No man thinks more highly than I do of the
patriotism, as well as abilities, of the very worthy gentlemen
who have just addressed the House. But different men often
see the same subject in different lights; and, therefore,
I hope it will not be thought disrespectful to those gentlemen
if, entertaining as I do opinions of a character very opposite
to theirs, I shall speak forth my sentiments freely and
without reserve. This is no time for ceremony. The questing
before the House is one of awful moment to this country.
For my own part, I consider it as nothing less than a question
of freedom or slavery; and in proportion to the magnitude
of the subject ought to be the freedom of the debate. It
is only in this way that we can hope to arrive at truth,
and fulfill the great responsibility which we hold to God
and our country. Should I keep back my opinions at such
a time, through fear of giving offense, I should consider
myself as guilty of treason towards my country, and of an
act of disloyalty toward the Majesty of Heaven, which I
revere above all earthly kings.
Mr. President, it is natural to man to indulge in the illusions
of hope. We are apt to shut our eyes against a painful truth,
and listen to the song of that siren till she transforms
us into beasts. Is this the part of wise men, engaged in
a great and arduous struggle for liberty? Are we disposed
to be of the number of those who, having eyes, see not,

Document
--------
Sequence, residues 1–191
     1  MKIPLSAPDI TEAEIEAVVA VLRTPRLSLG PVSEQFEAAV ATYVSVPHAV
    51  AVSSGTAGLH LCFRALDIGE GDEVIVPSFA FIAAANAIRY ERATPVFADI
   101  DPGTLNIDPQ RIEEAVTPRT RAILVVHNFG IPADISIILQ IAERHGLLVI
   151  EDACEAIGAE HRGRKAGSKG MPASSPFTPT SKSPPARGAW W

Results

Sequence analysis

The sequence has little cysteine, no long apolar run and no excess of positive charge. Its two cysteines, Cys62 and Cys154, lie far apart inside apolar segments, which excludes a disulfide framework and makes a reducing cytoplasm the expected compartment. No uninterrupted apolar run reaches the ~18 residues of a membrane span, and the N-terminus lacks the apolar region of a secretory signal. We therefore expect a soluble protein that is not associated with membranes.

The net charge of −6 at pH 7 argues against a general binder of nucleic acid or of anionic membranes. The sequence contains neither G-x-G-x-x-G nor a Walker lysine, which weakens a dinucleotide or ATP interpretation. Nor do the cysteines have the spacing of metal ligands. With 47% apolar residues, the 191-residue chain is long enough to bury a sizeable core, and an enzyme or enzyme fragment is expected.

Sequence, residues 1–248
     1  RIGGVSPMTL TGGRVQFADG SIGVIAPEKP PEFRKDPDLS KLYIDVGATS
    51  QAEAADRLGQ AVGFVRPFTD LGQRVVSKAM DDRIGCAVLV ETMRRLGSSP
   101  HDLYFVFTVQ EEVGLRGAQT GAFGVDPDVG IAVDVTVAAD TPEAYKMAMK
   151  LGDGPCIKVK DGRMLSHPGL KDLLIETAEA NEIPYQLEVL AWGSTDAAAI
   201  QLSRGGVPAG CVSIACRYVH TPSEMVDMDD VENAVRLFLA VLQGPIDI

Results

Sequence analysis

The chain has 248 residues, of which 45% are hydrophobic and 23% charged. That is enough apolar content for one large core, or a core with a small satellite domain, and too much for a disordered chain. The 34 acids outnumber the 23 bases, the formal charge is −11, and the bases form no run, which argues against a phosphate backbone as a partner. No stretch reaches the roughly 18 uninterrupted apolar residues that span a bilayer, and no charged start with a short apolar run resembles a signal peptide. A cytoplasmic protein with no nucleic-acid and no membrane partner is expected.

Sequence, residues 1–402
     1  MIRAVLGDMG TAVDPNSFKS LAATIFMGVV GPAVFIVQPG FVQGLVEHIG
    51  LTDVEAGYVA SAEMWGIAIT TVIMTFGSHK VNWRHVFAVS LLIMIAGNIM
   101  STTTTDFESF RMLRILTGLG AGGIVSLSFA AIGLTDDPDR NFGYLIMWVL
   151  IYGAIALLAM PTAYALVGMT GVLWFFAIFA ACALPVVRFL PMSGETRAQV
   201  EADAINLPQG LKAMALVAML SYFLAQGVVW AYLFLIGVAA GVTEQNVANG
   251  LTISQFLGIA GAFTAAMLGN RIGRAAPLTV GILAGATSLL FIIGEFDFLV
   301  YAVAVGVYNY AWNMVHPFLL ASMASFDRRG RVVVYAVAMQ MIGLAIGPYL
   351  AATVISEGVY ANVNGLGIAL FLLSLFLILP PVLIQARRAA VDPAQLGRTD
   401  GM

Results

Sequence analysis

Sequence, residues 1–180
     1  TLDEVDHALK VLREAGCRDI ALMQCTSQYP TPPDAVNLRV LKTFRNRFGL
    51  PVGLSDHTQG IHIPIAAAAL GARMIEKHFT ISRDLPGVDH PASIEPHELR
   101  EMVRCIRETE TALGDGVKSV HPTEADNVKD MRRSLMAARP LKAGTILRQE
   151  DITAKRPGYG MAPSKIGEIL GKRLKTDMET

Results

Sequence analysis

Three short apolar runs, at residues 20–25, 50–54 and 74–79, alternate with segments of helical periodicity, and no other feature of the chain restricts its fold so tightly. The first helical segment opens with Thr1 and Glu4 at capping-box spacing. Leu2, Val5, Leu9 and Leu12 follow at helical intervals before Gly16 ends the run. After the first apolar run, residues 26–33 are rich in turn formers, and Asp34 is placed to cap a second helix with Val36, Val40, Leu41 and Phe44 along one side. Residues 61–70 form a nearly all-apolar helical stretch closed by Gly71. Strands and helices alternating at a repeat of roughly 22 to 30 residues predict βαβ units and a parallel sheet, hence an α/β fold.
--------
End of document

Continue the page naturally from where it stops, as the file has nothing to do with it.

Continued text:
and, having ears, hear not, the things which so nearly concern
their temporal salvation? For my part, whatever anguish
of spirit it may cost, I am willing to know the whole truth;
to know the worst, and to provide for it.
I have but one lamp by which my feet are guided, and that
is the lamp of experience. I know of no way of judging of
the future but by the past. And judging by the past, I wish
to know what there has been in the conduct of the British
ministry for the last ten years to justify those hopes with
which gentlemen have been pleased to solace themselves and
the House. Is it that insidious smile with which our petition
has been lately received? Trust it not, sir; it will prove
a snare to your feet. Suffer not yourselves to be betrayed
with a kiss. Ask yourselves how this gracious reception
of our petition comports with those warlike preparations
which cover our waters and darken our land. Are fleets and
armies necessary to a work of love and reconciliation? Have
we shown ourselves so unwilling to be reconciled that force
must be called in to win back our love? Let us not deceive
ourselves, sir. These are the implements of war and subjugation;
the last arguments to which kings resort. I ask gentlemen,
sir, what means this martial array, if its purpose be not
to force us to submission? Can gentlemen assign any other
possible motive for it? Has Great Britain any enemy, in
this quarter of the world, to call for all this accumulation
of navies and armies? No, sir, she has none. They are meant
for us: they can be meant for no other. They are sent over
to bind and rivet upon us those chains which the British
ministry have been so long forging. And what have we to
oppose to them? Shall we try argument? Sir, we have been
trying that for the last ten years. Have we anything new